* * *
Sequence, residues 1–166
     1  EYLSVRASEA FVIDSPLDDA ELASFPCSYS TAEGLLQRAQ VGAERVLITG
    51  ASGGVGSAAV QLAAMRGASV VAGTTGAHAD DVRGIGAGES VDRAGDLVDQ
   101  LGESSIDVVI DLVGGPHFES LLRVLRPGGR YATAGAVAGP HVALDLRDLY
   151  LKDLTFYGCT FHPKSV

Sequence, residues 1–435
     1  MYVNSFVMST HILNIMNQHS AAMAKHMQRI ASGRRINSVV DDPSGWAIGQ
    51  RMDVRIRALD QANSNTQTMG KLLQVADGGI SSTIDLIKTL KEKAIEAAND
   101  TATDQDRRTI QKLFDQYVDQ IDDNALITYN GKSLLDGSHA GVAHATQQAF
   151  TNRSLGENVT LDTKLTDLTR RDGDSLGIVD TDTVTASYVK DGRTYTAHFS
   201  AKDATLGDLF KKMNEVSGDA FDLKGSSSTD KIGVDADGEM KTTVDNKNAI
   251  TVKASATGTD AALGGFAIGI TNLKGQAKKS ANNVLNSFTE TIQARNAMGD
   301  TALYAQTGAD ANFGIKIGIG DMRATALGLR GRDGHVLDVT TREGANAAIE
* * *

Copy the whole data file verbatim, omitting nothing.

Sequence, residues 1–166
     1  EYLSVRASEA FVIDSPLDDA ELASFPCSYS TAEGLLQRAQ VGAERVLITG
    51  ASGGVGSAAV QLAAMRGASV VAGTTGAHAD DVRGIGAGES VDRAGDLVDQ
   101  LGESSIDVVI DLVGGPHFES LLRVLRPGGR YATAGAVAGP HVALDLRDLY
   151  LKDLTFYGCT FHPKSV

Sequence, residues 1–435
     1  MYVNSFVMST HILNIMNQHS AAMAKHMQRI ASGRRINSVV DDPSGWAIGQ
    51  RMDVRIRALD QANSNTQTMG KLLQVADGGI SSTIDLIKTL KEKAIEAAND
   101  TATDQDRRTI QKLFDQYVDQ IDDNALITYN GKSLLDGSHA GVAHATQQAF
   151  TNRSLGENVT LDTKLTDLTR RDGDSLGIVD TDTVTASYVK DGRTYTAHFS
   201  AKDATLGDLF KKMNEVSGDA FDLKGSSSTD KIGVDADGEM KTTVDNKNAI
   251  TVKASATGTD AALGGFAIGI TNLKGQAKKS ANNVLNSFTE TIQARNAMGD
   301  TALYAQTGAD ANFGIKIGIG DMRATALGLR GRDGHVLDVT TREGANAAIE